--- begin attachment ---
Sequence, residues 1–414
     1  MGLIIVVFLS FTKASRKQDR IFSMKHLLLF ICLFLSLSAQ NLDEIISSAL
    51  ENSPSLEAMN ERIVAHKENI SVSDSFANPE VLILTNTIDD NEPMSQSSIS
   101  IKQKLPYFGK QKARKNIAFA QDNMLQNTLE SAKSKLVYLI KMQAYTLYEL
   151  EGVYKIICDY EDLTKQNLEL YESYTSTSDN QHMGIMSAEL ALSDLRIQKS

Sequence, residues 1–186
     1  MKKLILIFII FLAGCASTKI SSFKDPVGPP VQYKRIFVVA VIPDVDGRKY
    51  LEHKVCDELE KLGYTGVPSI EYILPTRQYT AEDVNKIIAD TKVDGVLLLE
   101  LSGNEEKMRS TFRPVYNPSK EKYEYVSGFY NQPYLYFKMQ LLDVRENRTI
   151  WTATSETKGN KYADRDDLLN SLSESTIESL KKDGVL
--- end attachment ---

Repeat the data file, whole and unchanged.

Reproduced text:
Sequence, residues 1–414
     1  MGLIIVVFLS FTKASRKQDR IFSMKHLLLF ICLFLSLSAQ NLDEIISSAL
    51  ENSPSLEAMN ERIVAHKENI SVSDSFANPE VLILTNTIDD NEPMSQSSIS
   101  IKQKLPYFGK QKARKNIAFA QDNMLQNTLE SAKSKLVYLI KMQAYTLYEL
   151  EGVYKIICDY EDLTKQNLEL YESYTSTSDN QHMGIMSAEL ALSDLRIQKS

Sequence, residues 1–186
     1  MKKLILIFII FLAGCASTKI SSFKDPVGPP VQYKRIFVVA VIPDVDGRKY
    51  LEHKVCDELE KLGYTGVPSI EYILPTRQYT AEDVNKIIAD TKVDGVLLLE
   101  LSGNEEKMRS TFRPVYNPSK EKYEYVSGFY NQPYLYFKMQ LLDVRENRTI
   151  WTATSETKGN KYADRDDLLN SLSESTIESL KKDGVL